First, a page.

As Cecilia Powell recognised,1 this drawing, made with the page turned horizontally, shows the view south-west over Passau from the slopes of the Ilzstadt district, apparently with loose indications of the spire of St Bartholomäus’s Church towards the bottom right, beyond which is the mouth of the River Ilz below the towers of the Niederhaus, overlooking its confluence with the much larger Danube. The east end of the Altstadt peninsula is in the middle distance, with features including the twin towers of St Michael’s Church, the dome and towers of the cathedral, and the tower of St Paul’s Church. The twin spires of the Mariahilf church are on the skyline towards the top left, on the slopes beyond the River Inn, itself absorbed by the Danube at the confluence off the Altstadt. There are variations on folio 54 verso and 55 recto and verso (D31383–D31385). Slight architectural forms in the sky above the cathedral may show another aspect of St Bartholomäus’s spire.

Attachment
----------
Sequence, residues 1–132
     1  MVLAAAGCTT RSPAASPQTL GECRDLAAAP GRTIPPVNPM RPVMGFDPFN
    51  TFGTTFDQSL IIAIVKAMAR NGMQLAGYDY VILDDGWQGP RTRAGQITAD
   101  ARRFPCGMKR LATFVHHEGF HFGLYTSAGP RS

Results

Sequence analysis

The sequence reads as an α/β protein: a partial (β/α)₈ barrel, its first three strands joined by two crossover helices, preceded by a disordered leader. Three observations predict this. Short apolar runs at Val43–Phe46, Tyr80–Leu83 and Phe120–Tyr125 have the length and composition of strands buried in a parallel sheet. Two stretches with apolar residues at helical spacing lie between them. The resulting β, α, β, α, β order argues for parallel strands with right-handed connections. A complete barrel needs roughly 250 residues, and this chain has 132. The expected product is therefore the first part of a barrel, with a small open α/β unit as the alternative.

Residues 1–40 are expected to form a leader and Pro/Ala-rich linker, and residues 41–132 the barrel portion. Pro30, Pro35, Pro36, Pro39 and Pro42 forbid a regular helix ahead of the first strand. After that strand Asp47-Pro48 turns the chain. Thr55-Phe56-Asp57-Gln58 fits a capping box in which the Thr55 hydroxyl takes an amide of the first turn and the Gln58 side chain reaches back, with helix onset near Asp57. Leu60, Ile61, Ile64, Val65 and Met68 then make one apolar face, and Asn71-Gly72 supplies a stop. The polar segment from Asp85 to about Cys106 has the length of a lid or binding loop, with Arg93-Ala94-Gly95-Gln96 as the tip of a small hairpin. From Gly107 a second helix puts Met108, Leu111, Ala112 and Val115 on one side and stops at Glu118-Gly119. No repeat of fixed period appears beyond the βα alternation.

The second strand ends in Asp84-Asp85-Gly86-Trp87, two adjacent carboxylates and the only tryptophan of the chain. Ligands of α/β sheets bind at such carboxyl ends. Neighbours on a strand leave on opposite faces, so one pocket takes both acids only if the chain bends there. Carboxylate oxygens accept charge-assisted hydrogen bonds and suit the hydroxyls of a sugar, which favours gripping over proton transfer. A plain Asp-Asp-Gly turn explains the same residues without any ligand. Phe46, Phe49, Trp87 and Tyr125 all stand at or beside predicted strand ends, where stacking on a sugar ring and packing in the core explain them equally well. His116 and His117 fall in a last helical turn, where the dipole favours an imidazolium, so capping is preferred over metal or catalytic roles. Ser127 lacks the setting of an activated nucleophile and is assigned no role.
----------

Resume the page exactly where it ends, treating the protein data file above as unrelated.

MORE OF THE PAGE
Compare also a contemporary watercolour on grey paper (Tate D28993; Turner Bequest CCXCII 46). For numerous contemporary views of Passau in this sketchbook and elsewhere, see under folio 48 verso (D31371). Niamh Mac Nally gave the present page as an example of the ‘accurate topographical information’ in such studies2 which informed an atmospheric watercolour of Passau, Germany, at the Confluence of the Rivers Inn and Danube 1840 (National Gallery of Ireland, Dublin).3
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